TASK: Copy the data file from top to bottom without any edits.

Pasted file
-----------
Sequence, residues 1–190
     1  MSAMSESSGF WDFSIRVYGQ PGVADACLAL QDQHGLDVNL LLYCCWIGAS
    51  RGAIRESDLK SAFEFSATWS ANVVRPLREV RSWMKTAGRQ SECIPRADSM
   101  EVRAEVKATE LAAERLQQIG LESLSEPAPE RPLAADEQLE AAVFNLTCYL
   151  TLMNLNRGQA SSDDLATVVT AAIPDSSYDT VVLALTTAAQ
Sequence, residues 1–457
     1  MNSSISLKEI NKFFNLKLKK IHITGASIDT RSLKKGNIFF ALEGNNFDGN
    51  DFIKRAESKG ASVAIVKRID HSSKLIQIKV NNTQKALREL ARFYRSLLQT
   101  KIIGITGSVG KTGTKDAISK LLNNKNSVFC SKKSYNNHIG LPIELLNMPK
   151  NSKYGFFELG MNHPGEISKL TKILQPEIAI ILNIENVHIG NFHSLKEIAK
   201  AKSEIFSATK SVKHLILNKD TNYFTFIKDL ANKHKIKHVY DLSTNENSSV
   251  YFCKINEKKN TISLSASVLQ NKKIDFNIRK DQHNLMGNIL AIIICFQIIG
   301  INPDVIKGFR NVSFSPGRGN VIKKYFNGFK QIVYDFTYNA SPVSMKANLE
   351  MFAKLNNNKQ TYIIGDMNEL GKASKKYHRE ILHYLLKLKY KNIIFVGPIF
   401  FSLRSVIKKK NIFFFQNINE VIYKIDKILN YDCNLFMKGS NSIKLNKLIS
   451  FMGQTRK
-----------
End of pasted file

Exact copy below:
Sequence, residues 1–190
     1  MSAMSESSGF WDFSIRVYGQ PGVADACLAL QDQHGLDVNL LLYCCWIGAS
    51  RGAIRESDLK SAFEFSATWS ANVVRPLREV RSWMKTAGRQ SECIPRADSM
   101  EVRAEVKATE LAAERLQQIG LESLSEPAPE RPLAADEQLE AAVFNLTCYL
   151  TLMNLNRGQA SSDDLATVVT AAIPDSSYDT VVLALTTAAQ
Sequence, residues 1–457
     1  MNSSISLKEI NKFFNLKLKK IHITGASIDT RSLKKGNIFF ALEGNNFDGN
    51  DFIKRAESKG ASVAIVKRID HSSKLIQIKV NNTQKALREL ARFYRSLLQT
   101  KIIGITGSVG KTGTKDAISK LLNNKNSVFC SKKSYNNHIG LPIELLNMPK
   151  NSKYGFFELG MNHPGEISKL TKILQPEIAI ILNIENVHIG NFHSLKEIAK
   201  AKSEIFSATK SVKHLILNKD TNYFTFIKDL ANKHKIKHVY DLSTNENSSV
   251  YFCKINEKKN TISLSASVLQ NKKIDFNIRK DQHNLMGNIL AIIICFQIIG
   301  INPDVIKGFR NVSFSPGRGN VIKKYFNGFK QIVYDFTYNA SPVSMKANLE
   351  MFAKLNNNKQ TYIIGDMNEL GKASKKYHRE ILHYLLKLKY KNIIFVGPIF
   401  FSLRSVIKKK NIFFFQNINE VIYKIDKILN YDCNLFMKGS NSIKLNKLIS
   451  FMGQTRK